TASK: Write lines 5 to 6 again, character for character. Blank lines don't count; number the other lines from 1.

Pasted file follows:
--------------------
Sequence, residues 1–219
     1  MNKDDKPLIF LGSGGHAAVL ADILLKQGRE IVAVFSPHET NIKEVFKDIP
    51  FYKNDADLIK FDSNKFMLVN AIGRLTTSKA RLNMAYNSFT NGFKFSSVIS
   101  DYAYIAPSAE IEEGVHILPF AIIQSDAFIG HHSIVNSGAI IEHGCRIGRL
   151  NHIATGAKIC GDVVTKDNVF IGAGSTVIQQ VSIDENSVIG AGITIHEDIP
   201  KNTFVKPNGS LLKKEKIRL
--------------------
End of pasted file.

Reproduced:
   151  NHIATGAKIC GDVVTKDNVF IGAGSTVIQQ VSIDENSVIG AGITIHEDIP
   201  KNTFVKPNGS LLKKEKIRL